Prison can be an intriguing place now and then. At times I feel like Morgan Freemans character, Red, from the movie “The Shawshank redemption”, living in a world where everyone is innocent. Like Red, I too am ‘The only guilty man in Shawshank’. This always reminds me of the scene when Andy (Tim Robbins) first approaches Red on the prison yard to make a request for that subsequently prolific rock hammer and red asks him one of the most commonly posed questions to new inmates, “So why did you do it?”. “I didn’t since you ask” Andy replies right back. A burst of laughter escapes Red, as he looks at Andy with those knowing eyes and says to him, “Oh you gonna fit right in”.
My first interaction with an eventual friend of mine wasn’t as entertaining as that scene and he is definitely no Andy Dufrain but he, like so many other men in prison, professed his innocence vehemently. Let him tell it and his case bordered on a Shakespearean tragedy, so angry was he at the injustice that had befallen him, he would rage with fists clenched to the sky, howling at the treachery of a justice system that had so thoroughly failed him. How could they give him 20 years for something he didn’t do? The act never convinced me and after a multitude of conversations, I was finally able to get him to admin (rather reluctantly I must say) that maybe he wasn’t so innocent after all, maybe he did do some of the things he was convicted of. To those that’ve never experienced conditions like these or people with such distorted beliefs, I can only liken it to the 7 stages of grief a mourner will go through when they lose a loved one. Something like you saw many Republicans go through this primary season with Donald Trump. Eventually everyone had to come to terms with the unbelievable yet undeniable truth. The Donald had bested them all.
I don’t know whether this is a coping mechanism to deal with the extensive amounts of time people get, maybe a lie one tells themselves in order to feel justified in their anger or just a shield against possible ridicule and intimidation from other inmates. I do find it fascinating to be a witness to this “outrage”, wondering to myself if they truly believe in the righteousness of their convictions or is it they’re just secretly angry at themselves, angry for getting caught. This is a question every convict must ask themselves, one I have contemplated assiduously over these past few years because how we ultimately answer this question will define our character and sincerity. Would you be sorry if you were free?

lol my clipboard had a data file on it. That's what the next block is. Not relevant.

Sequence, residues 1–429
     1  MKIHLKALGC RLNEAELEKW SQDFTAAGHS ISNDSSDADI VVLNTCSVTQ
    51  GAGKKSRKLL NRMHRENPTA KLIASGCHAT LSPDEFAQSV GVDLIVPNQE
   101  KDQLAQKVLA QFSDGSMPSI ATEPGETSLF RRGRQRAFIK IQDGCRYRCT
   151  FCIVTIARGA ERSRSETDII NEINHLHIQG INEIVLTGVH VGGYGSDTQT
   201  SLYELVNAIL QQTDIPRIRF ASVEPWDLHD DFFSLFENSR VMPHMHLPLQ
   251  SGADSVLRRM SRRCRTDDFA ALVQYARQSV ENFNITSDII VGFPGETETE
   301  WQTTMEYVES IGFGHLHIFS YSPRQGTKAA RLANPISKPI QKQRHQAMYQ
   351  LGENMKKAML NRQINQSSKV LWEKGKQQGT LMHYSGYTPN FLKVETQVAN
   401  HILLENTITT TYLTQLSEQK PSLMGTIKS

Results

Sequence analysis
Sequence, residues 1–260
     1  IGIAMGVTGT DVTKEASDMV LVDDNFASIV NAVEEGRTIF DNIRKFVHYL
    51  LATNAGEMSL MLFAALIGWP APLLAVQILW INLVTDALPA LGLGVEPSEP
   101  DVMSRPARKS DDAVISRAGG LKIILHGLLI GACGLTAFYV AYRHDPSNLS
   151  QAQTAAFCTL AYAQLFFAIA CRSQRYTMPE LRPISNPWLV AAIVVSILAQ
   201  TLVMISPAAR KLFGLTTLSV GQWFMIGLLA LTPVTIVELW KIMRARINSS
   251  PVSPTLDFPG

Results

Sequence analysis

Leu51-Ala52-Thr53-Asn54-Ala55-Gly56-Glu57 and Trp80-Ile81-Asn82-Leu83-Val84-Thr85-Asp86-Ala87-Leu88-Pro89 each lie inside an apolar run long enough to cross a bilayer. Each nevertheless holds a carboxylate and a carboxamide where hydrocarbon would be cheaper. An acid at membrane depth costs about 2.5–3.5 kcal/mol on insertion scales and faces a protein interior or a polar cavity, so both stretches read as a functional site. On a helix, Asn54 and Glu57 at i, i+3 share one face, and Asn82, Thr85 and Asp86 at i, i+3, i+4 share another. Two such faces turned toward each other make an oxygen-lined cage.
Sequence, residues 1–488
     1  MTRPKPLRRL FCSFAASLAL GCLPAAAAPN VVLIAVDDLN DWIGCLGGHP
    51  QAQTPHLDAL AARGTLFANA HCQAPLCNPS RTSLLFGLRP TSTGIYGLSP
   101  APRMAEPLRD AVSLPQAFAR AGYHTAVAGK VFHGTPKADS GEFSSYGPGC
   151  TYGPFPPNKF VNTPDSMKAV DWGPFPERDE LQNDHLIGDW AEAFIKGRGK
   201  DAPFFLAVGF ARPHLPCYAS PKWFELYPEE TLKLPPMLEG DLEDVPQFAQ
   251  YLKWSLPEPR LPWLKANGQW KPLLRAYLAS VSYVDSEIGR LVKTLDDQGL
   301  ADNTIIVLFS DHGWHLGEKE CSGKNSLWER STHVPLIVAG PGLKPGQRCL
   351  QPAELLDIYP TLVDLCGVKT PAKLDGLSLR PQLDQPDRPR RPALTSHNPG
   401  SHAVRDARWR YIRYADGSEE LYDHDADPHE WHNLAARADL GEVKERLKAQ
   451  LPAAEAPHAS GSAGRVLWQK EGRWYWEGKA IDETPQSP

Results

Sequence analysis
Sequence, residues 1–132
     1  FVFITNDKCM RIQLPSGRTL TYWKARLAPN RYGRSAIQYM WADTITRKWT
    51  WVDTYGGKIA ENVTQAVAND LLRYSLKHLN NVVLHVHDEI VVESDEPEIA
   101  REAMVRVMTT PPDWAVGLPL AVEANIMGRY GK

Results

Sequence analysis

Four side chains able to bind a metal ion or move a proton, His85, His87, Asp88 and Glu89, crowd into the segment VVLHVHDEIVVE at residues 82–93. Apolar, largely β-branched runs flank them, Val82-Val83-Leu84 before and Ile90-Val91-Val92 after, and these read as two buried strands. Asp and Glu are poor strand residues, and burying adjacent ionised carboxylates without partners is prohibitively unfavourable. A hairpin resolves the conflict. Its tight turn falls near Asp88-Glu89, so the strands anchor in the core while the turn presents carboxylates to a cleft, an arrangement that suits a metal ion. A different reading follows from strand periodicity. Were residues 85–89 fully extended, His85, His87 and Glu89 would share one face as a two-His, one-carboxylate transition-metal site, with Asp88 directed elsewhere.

Now I’m not saying there aren’t those men and women who may be innocent, I’m sure there are and there are those who do get an exceptional amount of time. More fodder to feed the beast of industry that is the prison industrial complex. But as far as the rest, those guilty souls, why is it so hard to accept responsibility for their actions? Is it the pain, the guilt, the fear of having to relive the shame? If an inmate feels this way, imaging how a victim must feel. We must have the courage to open our eyes, to face our past and be a witness to the destruction left in our wake and the lasting ramifications of our actions. Not only in the lives of our victims but in the lives of our families as well. Because whether we like to admit it or even realize it, we imposed a sentence on our victims, a life sentence t which they have no reprieve.
Don’t let my words make it seem like all of this is an easy thing to do because change never is. Change is a very hard endeavor to see through to the end, whether inside or outside these walls. Prison can be a very discouraging place when you feel like you have no purpose, no sense of direction or outlets to seek help. There is no rehabilitation and very few avenues in which an inmate can make amends. So, unless you have some sort of support system outside these walls, it can prove difficult if not impossible to make any real headway in helping to bring about change. Which means a very large percentage of that small percentage of people who truly want to make a difference end up telling themselves “what’s the point? There’s nothing I can do anyways”. So many will choose to lose themselves in a world of TV life, prison politics, fantasy novels and the monotonous activity of card games.
I could just as easily sit here and do nothing. Giving in to the seemingly inescapable reality of this purgatory, a purgatory Bill Murry illustrated well in the movie Groundhog Day. Everyday feels the same here. I won’t do it though, I will never give up. We can make a difference, we have to make a difference. People believe that places like these are just a reality of life, a necessary function to maintain order in any human society, I recognize that, but there has to be more. We have to find new ways to make progress and bring about change because almost everyone here is getting our someday.
So what now? Well, maybe I’ll take a little guidance from Red and be the man that can get things, only instead of contraband, I can help by providing inspiration and setting a more positive example. We all have a choice to make, whether inside or outside these walls, a choice Brooks Hadlen knew all too well after 50 years in the shank. Get busy livin or get busy dyin. Damn right. This is a difficult path to be on but we can all make a difference, even if the difference is only the change we make within ourselves. Even if you see no way to make recompense, maybe just taking responsibility for your actions can be enough for now.